Summary: In an age of commercialism that breeds discontent we are challenged by Scripture to live a contented life. Paul explains how we can be content in any and every situation.

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On a scale of one to ten (one being discontent and ten being very content) how content are you overall with your life? Think about that for a moment.

Contentment is an illusive quality today. Much of the business world works hard to breed discontent so that we will buy products and keep the economy vibrant. If a commercial tells us that something is new and improved we are supposed to feel that we have less than the best and must go out and buy the next thing. When Playstation came out it was the greatest gaming console yet, until PS2 and PS3 came out. And do you ever feel like you have enough gigabytes on your computer? Casinos air commercials that portray life as boring so that you will come and be entertained at their establishment and maybe win some money. What would you do with a million dollars a year for 25 years? Beat the winter blahs and take a Mexican holiday.

We are constantly bombarded with commercials and promotions that make us yearn for more. It is difficult to be content in a society that thrives on our discontent.

And it’s not just about stuff. We are told that our bodies are out of shape and we believe it. Then we tell ourselves that we must climb the ladder of success ever higher to more important positions, and that we must gain more degrees to be smart enough to gain those positions. Even in our marriages we feel that our spouses are lacking something and we go looking for more.

Yet last week we read Romans 12:2 which challenged us to “…not conform any longer to the pattern of this world…” The pattern of this world is to never be content; the transformation of the Christian mind is to be content in any situation. Why would you need to learn contentment? To be content is a spiritual virtue that Jesus lived and Paul taught. They exemplified contentment. Contentment is the true mark of a mature believer and an objective to be cultivated by all believers who want to grow in Christ.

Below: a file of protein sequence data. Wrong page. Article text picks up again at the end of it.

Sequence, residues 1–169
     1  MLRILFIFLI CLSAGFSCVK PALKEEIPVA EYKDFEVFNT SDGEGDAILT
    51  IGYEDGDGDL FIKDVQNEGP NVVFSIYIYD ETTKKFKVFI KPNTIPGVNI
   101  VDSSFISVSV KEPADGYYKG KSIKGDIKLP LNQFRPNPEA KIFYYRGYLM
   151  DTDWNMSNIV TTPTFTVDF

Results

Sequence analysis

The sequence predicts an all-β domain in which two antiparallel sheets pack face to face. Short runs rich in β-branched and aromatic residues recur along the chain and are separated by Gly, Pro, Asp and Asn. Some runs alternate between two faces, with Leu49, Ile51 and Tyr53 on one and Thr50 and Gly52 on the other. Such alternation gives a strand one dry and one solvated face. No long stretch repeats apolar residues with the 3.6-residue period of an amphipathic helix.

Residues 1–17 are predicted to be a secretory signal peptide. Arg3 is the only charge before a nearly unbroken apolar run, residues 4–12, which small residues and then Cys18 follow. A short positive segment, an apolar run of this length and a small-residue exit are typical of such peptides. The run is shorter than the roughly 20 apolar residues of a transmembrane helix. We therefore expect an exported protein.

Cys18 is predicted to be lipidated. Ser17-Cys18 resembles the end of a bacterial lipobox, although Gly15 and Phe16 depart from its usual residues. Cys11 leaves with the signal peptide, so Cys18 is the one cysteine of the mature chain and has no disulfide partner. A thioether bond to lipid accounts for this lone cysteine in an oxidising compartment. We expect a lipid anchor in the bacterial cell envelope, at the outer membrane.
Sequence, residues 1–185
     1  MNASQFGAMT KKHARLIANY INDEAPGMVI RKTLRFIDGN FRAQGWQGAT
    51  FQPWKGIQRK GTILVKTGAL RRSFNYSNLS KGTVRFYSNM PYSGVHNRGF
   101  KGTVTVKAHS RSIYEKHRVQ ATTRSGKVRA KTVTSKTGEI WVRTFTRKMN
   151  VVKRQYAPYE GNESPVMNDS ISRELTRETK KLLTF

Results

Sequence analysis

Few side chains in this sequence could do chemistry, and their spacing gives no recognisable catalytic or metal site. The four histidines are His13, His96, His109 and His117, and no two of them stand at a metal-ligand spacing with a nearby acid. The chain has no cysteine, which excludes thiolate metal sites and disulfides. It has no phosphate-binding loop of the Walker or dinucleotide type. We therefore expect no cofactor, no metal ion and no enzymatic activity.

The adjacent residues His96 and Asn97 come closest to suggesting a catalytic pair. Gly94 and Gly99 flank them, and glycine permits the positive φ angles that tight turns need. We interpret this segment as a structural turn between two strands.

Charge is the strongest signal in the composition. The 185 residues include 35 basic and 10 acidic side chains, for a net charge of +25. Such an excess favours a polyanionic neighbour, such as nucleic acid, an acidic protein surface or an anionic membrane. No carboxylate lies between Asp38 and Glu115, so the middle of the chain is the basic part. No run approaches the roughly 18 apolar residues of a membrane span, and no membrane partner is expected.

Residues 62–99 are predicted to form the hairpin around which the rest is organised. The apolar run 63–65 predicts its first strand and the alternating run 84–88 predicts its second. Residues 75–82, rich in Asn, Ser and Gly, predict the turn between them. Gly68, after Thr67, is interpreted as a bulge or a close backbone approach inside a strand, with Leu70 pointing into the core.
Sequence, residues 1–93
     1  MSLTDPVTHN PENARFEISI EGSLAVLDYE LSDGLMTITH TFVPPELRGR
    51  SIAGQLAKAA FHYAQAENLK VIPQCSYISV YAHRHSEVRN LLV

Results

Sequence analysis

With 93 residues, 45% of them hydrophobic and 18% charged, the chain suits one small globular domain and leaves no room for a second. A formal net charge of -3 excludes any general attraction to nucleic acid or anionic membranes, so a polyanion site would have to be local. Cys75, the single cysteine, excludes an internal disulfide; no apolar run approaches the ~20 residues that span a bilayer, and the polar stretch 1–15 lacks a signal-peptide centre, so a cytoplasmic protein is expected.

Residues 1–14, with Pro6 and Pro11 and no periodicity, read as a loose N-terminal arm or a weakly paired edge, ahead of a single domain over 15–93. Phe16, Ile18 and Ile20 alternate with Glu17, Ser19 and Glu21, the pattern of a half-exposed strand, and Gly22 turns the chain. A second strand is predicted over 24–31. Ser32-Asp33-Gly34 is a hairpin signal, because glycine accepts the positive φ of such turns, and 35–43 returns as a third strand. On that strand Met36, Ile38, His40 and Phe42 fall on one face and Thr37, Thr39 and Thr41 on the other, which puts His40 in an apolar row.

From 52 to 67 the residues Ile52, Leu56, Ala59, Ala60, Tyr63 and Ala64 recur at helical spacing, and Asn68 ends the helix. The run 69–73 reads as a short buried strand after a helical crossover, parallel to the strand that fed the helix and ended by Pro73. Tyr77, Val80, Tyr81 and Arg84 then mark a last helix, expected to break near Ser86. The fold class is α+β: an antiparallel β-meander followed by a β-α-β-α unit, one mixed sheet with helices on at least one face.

If you are interested in growing a contented spirit, I want to share some thoughts from Philippians 4:10-13.

1. Appreciate the concern others show

Our lesson on contentment begins with our attitude towards other people. Paul, having received some kind of gift from the Philippian church, said, “I rejoice greatly in the Lord that at last you have renewed your concern for me. Indeed, you have been concerned, but you had no opportunity to show it” (4:10).

It sounds like this church was a little slack in showing Paul support. That is not the case. Having planted this church a dozen years prior, the Philippian church had gone through some hard times. They were now in a position to help Paul and Paul is happy for them that they could send this help. So he is not saying “finally, it took you long enough” but is truly grateful that they are strong enough to help.

Evidence of a contented spirit comes through in situations like this. How we respond to the care and concern, whether it be a little or a lot, shows how content we are. Those who are discontent will tend to blame others for their trouble. They will complain that they are never cared for and will grumble about their lack. There is even a bit of the “victim” mentality in them that they are helpless and put upon. They even expect their friends to read their minds and know instinctively what they need.

All of us feel that way sometimes. When care is shown to us can we acknowledge it cheerfully or do we moan that it is not enough? Can we rejoice when our spouse or friend takes the time to love us? Can I show grace when no one comes and cares for me?

Christian love compels us to care for each other. Paul said to the Galatians, “Carry each others burdens, and in this way you will fulfill the law of Christ” (Gal 6:2). But two verses later he writes, “…each one should carry his own load” (6:5), which teaches us that while we need to care for one another we still need to care for ourselves.

2. Be satisfied in what you have

The question of attitude quickly turns to need. Paul makes an odd comment: “I am not saying this because I am in need…” (4:11). You have heard repeatedly how Paul is in prison and in chains. He possesses very little in earthly goods and is not climbing any social or career ladders. But the odd statement he makes is “I don’t need anything.”

What is it that we truly need? That is a difficult, and perhaps painful, question to ask ourselves. We live in a fiercely cold climate in winter requiring that we possess a decent house. Apart from this, as Paul told Timothy, “…if we have food and clothing, we will be content with that” (1Ti 6:8). Those are the basics of necessity.

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